I used to say, frequently, “I don’t believe in long-distance.”
I also didn’t “believe in” compromise or monogamy.
To my mind, full of theory and principle, they didn’t exist. (Unicorns, though, were totally real.)
Keeping that in mind, let me tell you about my long-distance relationship. Two weeks ago, I said goodbye to my partner and moved to the other side of Zanzibar (the island we currently call home).
In the years we have spent “together,” we have opted to be apart several times, but I think this is the first time we have done so with a mature understanding of what that entails. When an opportunity arose, which we both knew would make me happy, we sat down and discussed the decision together. A week later, I was on my way North.
With just a two hour drive (that’s a four hour bus ride) separating us, my partner will be able to visit regularly, making this a piece of cake compared to our previous attempts. (There was the time I traveled for a year, leaving half a world between us, and then there was the time he lived six hours away and we were lucky to sort out monthly visits.)
In hindsight, I don’t regret these times apart—difficult though they may have been—as they’ve been excellent teachers.
There are as many long-distance relationships as there are people in the world, and I can only speak to my own experience. Knowing what I’ve learned from these messy, frustrating, relationship stretching efforts at “the long-distance thing,” I think there are a few crucial questions for partners to ask one another before embarking:
Can we commit to regular and meaningful communication?
There is nothing like a missed Skype date or week of unanswered emails to send an imagination into Full Disaster Mode. And there’s nothing like too-short phone conversations or bland text messages to deflate an already challenging relationship. Can you be present for one another—open and connected—despite the physical distance?
Are regular visits feasible? If not, are we okay with that?
I think when we face something as scary and uncharted as extended time away from a loved one, we can tend to say, “We’ll just figure it out,” or, “It will work itself out.” It won’t. Can you foresee making visits every week? Every month? If you are looking at a sustained period of time apart, be honest when you ask yourself if you are willing to deal with that.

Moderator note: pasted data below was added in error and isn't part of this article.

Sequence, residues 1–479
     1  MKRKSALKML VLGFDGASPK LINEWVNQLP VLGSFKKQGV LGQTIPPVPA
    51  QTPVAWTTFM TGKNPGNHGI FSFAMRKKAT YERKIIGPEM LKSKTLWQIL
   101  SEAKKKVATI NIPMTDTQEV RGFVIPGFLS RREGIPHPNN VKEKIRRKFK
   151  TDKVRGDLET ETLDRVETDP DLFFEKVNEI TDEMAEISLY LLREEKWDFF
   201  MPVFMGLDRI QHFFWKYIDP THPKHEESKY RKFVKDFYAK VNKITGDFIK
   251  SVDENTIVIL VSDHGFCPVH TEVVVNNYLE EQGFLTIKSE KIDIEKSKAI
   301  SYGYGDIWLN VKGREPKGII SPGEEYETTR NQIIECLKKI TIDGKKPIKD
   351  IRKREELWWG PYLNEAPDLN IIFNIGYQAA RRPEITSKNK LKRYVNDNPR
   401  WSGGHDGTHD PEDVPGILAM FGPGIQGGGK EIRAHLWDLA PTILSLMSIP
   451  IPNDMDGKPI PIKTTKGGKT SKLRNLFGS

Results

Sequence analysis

Are we prepared for the delicate process of picking things up where we left off?
I think that phrase is misleading. There is no “where we left off.” People constantly grow and relationships constantly shift, together or separately. Maybe the real question is, “Are you ready to take two diverging paths and trust that your bond is strong enough to nurture you when your paths intertwine and you meet as new people?“
Is it worth it?
The person who didn’t believe in long-distance is still inside me; only, she recognized the value of a particular relationship and decided it was worth laying aside her “principles” for. She chose to hold onto and nourish it across physical space. I wouldn’t suffer the commitment of energy, communication, tension and longing for just anyone.
If you’ve answered “yes” to those questions and are hoping for a bit of good news, I have some for you…
Knowing what I’ve experienced, I can tell you that times of apart-ness can deepen and enrich moments of togetherness. They can test a strong bond, teach communication and give love the space it needs to grow and mature. These times can also give two people the space they need to grow and mature; if, at the end of it, they choose to continue along a shared path, that decision comes from a place of understanding, nuance and true commitment.
And then sometimes you just fall, and you fall hard. Sometimes reality doesn’t in any way resemble the plans and promises we make. But I don’t think anyone has ever emerged weaker for having sorted out challenges, and the same is probably true of relationships.
Considering the long-distance thing? It’s not easy, but then, is it ever?
Trust your instincts. If it’s really worth it, you’ll know.
Author: Toby Israel
Editor: Emily Bartran
Photo: Dvortygirl at Flickr